Pierre Gagnaire: With his typically insouciant sense of humor, Gagnaire reveals that he “seduced” his future wife, Sylvie, when she visited his restaurant Sketch in London, in February 2004. “There is no such thing as ‘aphrodisiac’ food,” he said, “but she keeps on telling me that the lobster she had that night was the best she had ever had. I cooked her dish as usual… I did not know that my future wife was going to eat it. But I would not have changed anything to this lobster with boiled potatoes and brown butter, because it is now part of our story. I have changed the recipe so that she has nothing to compare it with! She doesn’t like desserts but we shared a fruit salad that night with a glass of vodka.”
SEE MORE: How to Win Valentine’s Day Whether You’re Single, Courting, or Taken
Art Smith (Art & Soul, Washington, D.C.; Table Fifty-Two, Chicago): Smith will never forget the moment he and Jesus Salgueiro met—14 years ago, in a South Beach floral shop—but he can’t remember the first time he cooked for his husband. “I was always cooking for Oprah!” he says with a laugh. These days, Smith makes Salgueiro feel special with breakfast—”the only meal I have time to make at home.” Says Smith, “I make him a strong cappuccino, and do a toad in the hole for him, with gruyère and Parma ham—it’s so sappy, but I cut hearts out of the bread. When we are at our farm in Florida, we get farm-fresh eggs, and when I have the Poilâne bread from Paris, that has the right texture and chewiness.”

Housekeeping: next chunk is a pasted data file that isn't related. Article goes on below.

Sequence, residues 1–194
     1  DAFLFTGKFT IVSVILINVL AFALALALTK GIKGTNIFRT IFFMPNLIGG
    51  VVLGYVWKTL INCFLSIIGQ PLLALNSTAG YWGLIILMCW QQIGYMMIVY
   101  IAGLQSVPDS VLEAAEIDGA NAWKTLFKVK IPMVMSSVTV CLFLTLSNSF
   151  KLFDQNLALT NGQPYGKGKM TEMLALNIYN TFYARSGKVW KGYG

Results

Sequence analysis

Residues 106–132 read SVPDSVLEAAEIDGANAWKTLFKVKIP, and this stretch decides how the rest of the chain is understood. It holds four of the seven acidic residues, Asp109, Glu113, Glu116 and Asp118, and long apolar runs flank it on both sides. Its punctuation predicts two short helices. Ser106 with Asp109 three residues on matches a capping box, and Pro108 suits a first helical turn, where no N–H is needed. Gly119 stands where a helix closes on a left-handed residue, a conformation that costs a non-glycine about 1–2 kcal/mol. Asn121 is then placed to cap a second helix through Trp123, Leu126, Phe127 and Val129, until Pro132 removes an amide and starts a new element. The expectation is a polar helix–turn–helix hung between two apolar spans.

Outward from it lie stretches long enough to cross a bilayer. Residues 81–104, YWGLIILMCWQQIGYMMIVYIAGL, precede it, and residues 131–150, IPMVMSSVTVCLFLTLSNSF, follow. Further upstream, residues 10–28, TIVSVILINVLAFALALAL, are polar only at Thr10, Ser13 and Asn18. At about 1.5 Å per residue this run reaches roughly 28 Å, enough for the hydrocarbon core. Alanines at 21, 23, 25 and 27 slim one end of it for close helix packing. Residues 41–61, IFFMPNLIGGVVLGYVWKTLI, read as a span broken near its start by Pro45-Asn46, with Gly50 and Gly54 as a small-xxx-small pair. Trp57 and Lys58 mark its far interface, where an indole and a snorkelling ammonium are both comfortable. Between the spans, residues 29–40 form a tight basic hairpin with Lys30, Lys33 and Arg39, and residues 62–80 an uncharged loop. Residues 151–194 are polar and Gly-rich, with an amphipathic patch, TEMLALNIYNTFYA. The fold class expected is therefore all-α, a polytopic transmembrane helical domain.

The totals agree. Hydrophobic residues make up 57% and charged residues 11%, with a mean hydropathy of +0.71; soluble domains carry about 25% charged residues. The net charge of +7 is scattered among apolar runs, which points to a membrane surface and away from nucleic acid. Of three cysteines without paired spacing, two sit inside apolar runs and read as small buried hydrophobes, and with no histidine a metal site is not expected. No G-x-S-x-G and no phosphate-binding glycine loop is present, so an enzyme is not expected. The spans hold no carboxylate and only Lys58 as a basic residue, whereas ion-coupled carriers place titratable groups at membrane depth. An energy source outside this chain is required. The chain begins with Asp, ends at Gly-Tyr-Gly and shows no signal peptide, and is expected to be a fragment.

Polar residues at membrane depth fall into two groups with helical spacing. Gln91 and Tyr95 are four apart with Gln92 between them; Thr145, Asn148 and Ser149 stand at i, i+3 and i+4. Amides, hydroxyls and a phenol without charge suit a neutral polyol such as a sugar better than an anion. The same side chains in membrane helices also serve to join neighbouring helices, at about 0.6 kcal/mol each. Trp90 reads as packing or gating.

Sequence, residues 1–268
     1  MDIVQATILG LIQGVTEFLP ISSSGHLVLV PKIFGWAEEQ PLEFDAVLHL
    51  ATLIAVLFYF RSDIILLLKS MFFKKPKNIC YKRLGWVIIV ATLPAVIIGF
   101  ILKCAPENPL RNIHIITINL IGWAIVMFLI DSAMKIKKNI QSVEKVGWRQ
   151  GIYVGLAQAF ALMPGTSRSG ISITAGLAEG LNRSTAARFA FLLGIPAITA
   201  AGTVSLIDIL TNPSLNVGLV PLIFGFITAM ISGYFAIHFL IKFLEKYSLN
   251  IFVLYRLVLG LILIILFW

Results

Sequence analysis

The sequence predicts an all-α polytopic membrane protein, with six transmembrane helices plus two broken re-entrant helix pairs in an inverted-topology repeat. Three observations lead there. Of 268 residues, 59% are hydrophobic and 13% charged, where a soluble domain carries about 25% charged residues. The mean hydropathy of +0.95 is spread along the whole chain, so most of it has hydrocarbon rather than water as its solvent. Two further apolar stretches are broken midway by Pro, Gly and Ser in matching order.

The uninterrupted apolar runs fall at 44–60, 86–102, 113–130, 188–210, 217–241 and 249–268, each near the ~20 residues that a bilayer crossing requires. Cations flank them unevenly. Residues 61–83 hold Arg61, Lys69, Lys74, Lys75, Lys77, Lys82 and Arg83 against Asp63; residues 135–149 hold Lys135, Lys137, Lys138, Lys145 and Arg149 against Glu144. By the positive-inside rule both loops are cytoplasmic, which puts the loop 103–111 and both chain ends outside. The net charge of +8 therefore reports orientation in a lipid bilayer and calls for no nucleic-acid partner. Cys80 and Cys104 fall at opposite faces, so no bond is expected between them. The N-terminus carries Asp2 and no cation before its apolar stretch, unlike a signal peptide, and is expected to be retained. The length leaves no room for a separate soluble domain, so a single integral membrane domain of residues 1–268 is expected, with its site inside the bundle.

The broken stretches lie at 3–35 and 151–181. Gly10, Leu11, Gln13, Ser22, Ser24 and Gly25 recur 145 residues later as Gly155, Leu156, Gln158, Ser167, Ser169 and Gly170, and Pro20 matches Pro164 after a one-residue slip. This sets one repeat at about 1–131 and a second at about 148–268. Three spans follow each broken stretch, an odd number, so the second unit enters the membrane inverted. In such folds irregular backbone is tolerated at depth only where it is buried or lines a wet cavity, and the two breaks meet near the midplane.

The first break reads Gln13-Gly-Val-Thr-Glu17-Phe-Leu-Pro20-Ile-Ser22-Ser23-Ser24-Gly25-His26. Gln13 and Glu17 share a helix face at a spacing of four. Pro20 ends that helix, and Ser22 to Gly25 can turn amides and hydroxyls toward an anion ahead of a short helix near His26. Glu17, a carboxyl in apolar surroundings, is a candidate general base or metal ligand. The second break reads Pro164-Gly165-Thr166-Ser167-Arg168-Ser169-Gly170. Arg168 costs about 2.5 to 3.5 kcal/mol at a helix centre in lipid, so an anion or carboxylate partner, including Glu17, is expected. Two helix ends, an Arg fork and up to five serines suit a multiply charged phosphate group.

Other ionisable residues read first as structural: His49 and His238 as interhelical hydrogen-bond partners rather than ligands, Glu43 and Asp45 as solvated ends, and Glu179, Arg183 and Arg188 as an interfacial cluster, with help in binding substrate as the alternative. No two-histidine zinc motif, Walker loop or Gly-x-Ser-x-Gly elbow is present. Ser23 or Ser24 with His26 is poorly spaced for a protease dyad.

Cindy Pawlcyn (Mustards Grill, Cindy’s Backstreet Kitchen, Napa Valley): Food definitely played a center role in the courtship of Pawlcyn and her husband, John Watanabe. On their first date, back in 2007, Watanabe actually offered to cook for her—”And nobody cooks for me!” she says. He made a picnic bento box. On the second date, they switched roles, and Cindy made him a dish she’d been “playing around with” for a supper club series at Backstreet Kitchen. “It was a Kerala curry salmon dish, from the Spice Coast of India,” she says. “There’s cumin, coriander, mustard seed, and cayenne on the fish, and then a wonderful coconut milk broth underneath, with steamed basmati. He took one bite and said ‘This is the best thing I ever ate.’ I think that did it—we got engaged about three weeks later.”
SEE MORE: Foods That Make You Better at Sex
Brian Malarkey (Herringbone, Searsucker, San Diego/Los Angeles): “I took a very easy but sensual approach to wooing my wife, Chantelle,” says Malarkey. He went for an unadorned classic clambake. “I went to the market and got a couple of live lobsters, clams, sausage, corn on the cob, red potatoes… Nothing says loving like shellfish and white wine!” Malarkey continues the tradition every Sunday, now including the couple’s three children. “Minus the wine for the little ones.”
Marc Forgione (Restaurant Marc Forgione, New York): “The way we actually met was her tasting my short ribs when I was a chef at BLT Prime,” Forgione says of his fiancée Kristen Angelilli. “It was an open kitchen, I looked out the window, and this beautiful woman caught my eye. I came up with this concept of treating VIPs with ‘getting forked’—we’d take ingredients, arrange them on a fork, and place it on a plate . So I sent her out a mid-course of black truffle with some short ribs and pasta—and I watched as she took the truffle off. I couldn’t understand it.” Nevertheless, she asked to meet the chef. “No one,” he says, “has been ‘forked’ since.”